YEREVAN (Public Radio of Armenia)—The United States Agency for International Development (USAID) and the Smithsonian Institute have partnered for an innovative project to support cultural sustainability through cultural tourism in Armenia. The project was launched on November 20 at an official ceremony at the Matenadaran Scientific Research Institute of Ancient Manuscripts in Yerevan, which holds one of the world’s richest collections of medieval manuscripts and books.
The ceremony included remarks by the U.S. Ambassador to Armenia Richard Mills, Jr., Prime Minister of Armenia Hovik Abrahamyan, and Senior Advisor of the Smithsonian’s Office of International Relations, Halle Butvin. About 100 people attended the event, including representatives of the government of Armenia, the private sector and the tourism industry at large.
The goal of the four-year project, which will be funded by USAID, is to enhance and increase cultural heritage tourism in the regions outside of Armenia’s capital Yerevan, through a unique combination of research, scholarship, support for artisan craft, capacity building, and a strong focus on fresh thinking for tourism development.
“The global tourism market continues to grow and touch new destinations. Armenia’s rich cultural heritage, unique cuisine, beautiful natural environment and welcoming people make it a special place,” said Ambassador Mills.
“The purpose of the ‘My Armenia’ project is nothing less than to put Armenia on the map as a world-class tourist destination. We intend to not only contribute to the development of the tourism industry in Armenia, but also ensure that the benefits of that growth are widely distributed across the country by promoting tourism to regions outside of Yerevan, thus enhancing the economic prospects of Armenia’s rural communities.”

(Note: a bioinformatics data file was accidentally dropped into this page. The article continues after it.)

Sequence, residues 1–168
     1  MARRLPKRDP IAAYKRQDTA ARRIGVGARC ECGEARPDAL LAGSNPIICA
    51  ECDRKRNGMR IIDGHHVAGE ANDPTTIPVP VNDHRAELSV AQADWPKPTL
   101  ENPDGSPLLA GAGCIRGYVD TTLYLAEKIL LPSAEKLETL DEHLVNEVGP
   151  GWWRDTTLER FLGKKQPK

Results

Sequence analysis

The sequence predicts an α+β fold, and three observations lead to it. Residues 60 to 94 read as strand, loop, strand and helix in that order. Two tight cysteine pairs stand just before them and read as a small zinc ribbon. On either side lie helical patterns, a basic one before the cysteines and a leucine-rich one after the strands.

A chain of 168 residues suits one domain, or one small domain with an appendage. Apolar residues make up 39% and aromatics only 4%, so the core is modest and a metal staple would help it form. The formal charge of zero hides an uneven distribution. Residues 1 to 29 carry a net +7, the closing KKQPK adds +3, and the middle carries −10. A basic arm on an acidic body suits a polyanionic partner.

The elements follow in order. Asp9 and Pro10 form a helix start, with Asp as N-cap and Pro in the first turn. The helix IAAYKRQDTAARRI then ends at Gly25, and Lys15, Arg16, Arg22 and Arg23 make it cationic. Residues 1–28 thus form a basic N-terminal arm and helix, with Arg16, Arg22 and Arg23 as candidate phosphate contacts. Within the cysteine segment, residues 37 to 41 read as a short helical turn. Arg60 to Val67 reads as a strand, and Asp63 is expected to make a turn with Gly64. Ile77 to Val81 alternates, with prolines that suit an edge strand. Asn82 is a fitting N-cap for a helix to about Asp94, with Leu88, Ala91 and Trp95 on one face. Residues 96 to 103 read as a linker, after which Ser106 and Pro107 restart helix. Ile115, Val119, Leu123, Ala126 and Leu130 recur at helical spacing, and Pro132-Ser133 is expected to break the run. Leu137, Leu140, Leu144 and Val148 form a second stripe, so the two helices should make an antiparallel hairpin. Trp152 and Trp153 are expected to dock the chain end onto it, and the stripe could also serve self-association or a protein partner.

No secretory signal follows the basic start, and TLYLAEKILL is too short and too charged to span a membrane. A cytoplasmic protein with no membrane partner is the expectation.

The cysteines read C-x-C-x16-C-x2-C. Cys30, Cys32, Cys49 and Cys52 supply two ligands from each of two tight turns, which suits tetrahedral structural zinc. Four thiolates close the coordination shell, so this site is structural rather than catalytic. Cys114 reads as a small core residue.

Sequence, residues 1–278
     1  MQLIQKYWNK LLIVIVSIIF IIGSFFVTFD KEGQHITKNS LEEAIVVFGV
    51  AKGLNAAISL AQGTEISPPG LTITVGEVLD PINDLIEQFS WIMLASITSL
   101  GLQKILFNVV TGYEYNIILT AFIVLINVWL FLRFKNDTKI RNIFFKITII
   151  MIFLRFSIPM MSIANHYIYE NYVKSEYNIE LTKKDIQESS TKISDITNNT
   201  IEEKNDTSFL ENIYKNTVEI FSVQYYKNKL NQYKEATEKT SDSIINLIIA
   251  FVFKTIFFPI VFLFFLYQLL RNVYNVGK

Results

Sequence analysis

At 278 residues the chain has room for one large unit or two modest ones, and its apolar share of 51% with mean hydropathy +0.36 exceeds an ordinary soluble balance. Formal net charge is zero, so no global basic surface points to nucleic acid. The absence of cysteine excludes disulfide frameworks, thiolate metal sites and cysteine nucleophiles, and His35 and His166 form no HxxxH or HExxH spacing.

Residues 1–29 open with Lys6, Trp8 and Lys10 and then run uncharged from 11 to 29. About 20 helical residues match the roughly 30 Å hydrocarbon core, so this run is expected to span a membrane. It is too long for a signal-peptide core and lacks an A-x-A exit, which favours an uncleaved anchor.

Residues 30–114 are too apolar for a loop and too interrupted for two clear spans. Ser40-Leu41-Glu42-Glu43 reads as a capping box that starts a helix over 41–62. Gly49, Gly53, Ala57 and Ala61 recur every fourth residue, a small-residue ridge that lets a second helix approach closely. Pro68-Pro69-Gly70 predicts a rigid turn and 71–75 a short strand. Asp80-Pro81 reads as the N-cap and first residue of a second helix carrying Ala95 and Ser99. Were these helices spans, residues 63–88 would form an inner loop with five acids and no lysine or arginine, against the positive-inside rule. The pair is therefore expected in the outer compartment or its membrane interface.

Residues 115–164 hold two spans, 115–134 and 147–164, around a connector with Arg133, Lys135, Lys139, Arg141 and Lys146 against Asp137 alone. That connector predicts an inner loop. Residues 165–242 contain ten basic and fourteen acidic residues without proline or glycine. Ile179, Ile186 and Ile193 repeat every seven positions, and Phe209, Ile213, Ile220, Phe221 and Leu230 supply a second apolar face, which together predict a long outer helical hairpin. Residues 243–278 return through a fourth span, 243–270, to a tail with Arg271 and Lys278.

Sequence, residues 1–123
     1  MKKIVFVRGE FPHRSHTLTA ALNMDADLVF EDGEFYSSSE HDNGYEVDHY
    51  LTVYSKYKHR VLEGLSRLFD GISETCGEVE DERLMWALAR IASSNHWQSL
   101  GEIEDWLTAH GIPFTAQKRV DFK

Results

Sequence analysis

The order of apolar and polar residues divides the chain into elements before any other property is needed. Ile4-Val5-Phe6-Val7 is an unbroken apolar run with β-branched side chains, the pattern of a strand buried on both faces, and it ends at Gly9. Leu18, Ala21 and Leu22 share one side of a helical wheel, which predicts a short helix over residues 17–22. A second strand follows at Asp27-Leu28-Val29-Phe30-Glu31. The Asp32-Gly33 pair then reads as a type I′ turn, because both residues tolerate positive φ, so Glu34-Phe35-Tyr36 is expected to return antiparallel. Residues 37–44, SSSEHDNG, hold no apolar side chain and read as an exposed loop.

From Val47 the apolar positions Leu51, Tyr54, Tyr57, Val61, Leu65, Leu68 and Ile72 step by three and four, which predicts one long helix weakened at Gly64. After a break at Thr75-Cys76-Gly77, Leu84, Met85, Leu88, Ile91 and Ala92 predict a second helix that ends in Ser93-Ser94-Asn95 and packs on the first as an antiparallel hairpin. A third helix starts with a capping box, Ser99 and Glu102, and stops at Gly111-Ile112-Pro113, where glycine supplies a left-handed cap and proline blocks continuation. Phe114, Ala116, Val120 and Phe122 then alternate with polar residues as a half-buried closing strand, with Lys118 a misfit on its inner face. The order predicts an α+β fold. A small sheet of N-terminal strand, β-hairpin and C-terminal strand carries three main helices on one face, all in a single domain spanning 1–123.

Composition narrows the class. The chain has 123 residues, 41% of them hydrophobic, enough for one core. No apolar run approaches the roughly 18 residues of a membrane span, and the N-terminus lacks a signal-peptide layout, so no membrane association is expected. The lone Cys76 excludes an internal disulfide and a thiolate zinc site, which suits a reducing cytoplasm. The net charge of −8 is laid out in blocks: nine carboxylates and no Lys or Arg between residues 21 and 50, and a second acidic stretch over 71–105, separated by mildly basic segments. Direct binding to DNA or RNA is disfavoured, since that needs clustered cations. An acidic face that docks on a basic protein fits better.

The Smithsonian has a long history of working with communities around the world to support efforts in cultural sustainability, whether protecting cultural heritage threatened by human conflict and natural disaster, or supporting the long-term sustainability of diverse cultural sectors.
Through training, programming, community engagement and documentation, and other methods, Smithsonian curators and project staff from across the Institution will work with partners in Armenia to develop new strategies for sustaining cultural heritage.
This project will support traditional arts, crafts and music in the country and lead to greater benefits for rural communities in Armenia, broader awareness about Armenia in international markets, as well as help protect and enhance Armenia’s natural and cultural heritage.
“Tourism can be a driver of economic development by generating employment in hotels and restaurants, as well as increasing business for taxi drivers, those making and selling souvenirs, or those providing goods and services to tourism-related businesses,” Ambassador Mills said.
“However, to spread the wealth generated by tourism, Armenia needs to develop anchor tourism sites outside of Yerevan and link them together in a tourism circuit that spans the length and breadth of the country. This new project will provide technical assistance to develop such a circuit, which will encourage travelers to travel outside of Yerevan and spend more money in the regions. This is just one of the many ways the U.S. Embassy is partnering with the Armenian people to strengthen the economy of Armenia’s rural regions.”
The Smithsonian has a long history of working with USAID on international programming to support the conservation of biodiversity, museum workforce capacity building, and emerging cultural institutions. Reflecting a renewed partnership between the two organizations established through a 2013 Memorandum of Understanding, the “My Armenia” project signifies a new, collaborative approach to combine the strengths of the two organizations for greater impact.